Severe winter weather over the past few weeks is playing havoc with grain logistics in the United States (US) with the current Pacific Northwest (PNW) corn vessel line-up reported to exceed 60 days.
Rail corridors from Midwest states such as Minnesota, North Dakota and South Dakota to the PNW ports have been hit with flooding, snow drifts and avalanches with some rail lines closed for extended periods. The delayed supply combined with excessive rain at the PNW ports has dramatically slowed the loading of vessels destined for the Asian market.
This is an extremely critical time of the season for the US market, as the trade attempts to maximise corn exports, before consumers turn to new crop South American (SAM) supplies, displacing US demand in late March. The logistics issues have pushed the cost of rail freight up significantly in the US, as exporters scramble to secure empty space resulting in some booking shipments out of the US Gulf to meet their Asian demand and limit costly logistics and port delays.
The increase in US logistics costs and hefty demurrage penalties means that spot costings put shipment of Midwest-produced corn to Asia via the PNW, at a premium to corn produced in the Brazilian state of Matto Grosso. Whilst, this is highly unlikely to occur at the moment as Brazil concentrates on its soybean export program, it does highlight the magnitude of the current US challenge.
This disruption to traditional trade flows has forced Asian buyers to look for alternate supplies to satisfy nearby demand, whilst they wait for delayed vessels to arrive. In Japan, the government is expected to approve the use of emergency stockpiles as inventories reach critically low levels.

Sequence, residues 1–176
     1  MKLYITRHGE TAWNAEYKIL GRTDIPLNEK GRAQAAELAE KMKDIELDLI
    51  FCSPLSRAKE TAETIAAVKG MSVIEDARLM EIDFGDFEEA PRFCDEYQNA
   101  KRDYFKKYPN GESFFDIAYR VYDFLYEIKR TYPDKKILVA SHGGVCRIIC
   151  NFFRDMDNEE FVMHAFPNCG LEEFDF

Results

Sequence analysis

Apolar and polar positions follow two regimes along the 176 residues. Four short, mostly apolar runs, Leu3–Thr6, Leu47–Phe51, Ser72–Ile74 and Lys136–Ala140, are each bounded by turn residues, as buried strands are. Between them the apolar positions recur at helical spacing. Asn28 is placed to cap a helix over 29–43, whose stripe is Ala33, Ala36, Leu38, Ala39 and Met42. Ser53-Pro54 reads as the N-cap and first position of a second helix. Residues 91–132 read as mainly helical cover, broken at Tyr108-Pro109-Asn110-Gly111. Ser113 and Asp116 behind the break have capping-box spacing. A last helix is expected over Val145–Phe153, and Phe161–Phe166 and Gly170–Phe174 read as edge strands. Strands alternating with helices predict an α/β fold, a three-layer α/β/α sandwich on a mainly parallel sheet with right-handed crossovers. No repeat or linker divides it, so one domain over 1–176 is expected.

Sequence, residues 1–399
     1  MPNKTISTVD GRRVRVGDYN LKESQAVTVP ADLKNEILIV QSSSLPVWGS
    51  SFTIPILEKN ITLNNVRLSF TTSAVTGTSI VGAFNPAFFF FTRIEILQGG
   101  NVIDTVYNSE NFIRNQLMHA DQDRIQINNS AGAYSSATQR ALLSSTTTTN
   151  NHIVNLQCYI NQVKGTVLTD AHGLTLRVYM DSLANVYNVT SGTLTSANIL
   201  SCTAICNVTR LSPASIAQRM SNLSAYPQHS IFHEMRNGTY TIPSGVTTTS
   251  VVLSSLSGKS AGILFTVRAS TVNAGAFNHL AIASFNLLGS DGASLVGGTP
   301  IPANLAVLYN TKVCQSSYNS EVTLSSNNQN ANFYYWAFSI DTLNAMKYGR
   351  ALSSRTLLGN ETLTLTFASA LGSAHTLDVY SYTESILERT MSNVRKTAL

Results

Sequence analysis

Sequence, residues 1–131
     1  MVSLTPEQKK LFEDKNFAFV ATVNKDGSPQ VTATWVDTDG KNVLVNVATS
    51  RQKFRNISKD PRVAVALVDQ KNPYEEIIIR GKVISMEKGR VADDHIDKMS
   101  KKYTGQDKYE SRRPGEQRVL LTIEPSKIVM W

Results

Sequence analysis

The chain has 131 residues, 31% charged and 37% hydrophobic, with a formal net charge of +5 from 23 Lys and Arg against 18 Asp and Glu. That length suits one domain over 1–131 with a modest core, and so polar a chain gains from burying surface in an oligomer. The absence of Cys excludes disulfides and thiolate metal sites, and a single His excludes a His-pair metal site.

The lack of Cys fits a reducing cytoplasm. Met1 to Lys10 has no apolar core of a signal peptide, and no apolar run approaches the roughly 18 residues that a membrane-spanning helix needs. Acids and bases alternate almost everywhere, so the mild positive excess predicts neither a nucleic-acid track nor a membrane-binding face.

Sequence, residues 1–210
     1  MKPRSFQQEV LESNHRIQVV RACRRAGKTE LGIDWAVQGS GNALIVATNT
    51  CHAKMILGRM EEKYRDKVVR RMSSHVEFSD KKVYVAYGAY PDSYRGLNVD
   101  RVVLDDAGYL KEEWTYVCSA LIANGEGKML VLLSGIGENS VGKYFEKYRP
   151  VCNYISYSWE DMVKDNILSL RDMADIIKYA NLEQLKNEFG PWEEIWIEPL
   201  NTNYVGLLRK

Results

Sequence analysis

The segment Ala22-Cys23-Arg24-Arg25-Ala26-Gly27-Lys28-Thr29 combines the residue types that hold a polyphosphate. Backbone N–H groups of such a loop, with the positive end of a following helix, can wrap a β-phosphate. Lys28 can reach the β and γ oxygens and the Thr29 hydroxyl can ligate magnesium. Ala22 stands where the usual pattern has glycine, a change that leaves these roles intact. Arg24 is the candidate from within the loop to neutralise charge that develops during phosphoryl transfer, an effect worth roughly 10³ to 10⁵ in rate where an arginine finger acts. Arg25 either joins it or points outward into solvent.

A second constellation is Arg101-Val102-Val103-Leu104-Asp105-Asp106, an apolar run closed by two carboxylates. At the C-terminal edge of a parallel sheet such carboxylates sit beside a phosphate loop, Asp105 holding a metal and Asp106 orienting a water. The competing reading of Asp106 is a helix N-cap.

Japan has reportedly been seeking offers from Thailand, a trade flow that has not operated for many years. There are reports of Thailand exporting to Taiwan in recent weeks. Interestingly, Australia has also been mentioned in wires as a possible source of corn.
Meanwhile, in Brazil the soybean and corn harvest has been underway since early February with soybean yields reported to be at record levels. In Argentina, the corn harvest has just begun with early reports saying the quality is better than expected after rain and flooding in January. Over the past week the southern grain growing regions have also received abundant rainfall, after being dry for much of the summer growing season.
With conditions now considered almost ideal in Argentina it would certainly seem that any production revisions to the corn crop will be to the upside. This of course will further increase abundant world feed grain stocks. However, it will also put them in a good position, if the Mexican government follows through with their threat to ban the import of US corn and turns to Brazil and Argentina to fill the void.
Here on home soil, the US story is being repeated. In Western Australia, excessive rainfall in early February has led to flooding and major disruptions to grain movement to the ports of Kwinana, Albany and Esperance. Although not 60 days, the vessel line-up has certainly increased as the rail operator rushes to repair lines and get the port accumulation task back on track.
On the east coast, rail operators are struggling to meet their commitments, which is pushing the port accumulation task onto the road. This increases the cost to exporting from the east coast and decreases competitiveness into the Asian market.
All of this at a time when Australia is trying to maximise exports of the record wheat and barley crops before the northern hemisphere winter harvest hits the world market, displacing Australian demand.
Source: Nidera weekly market report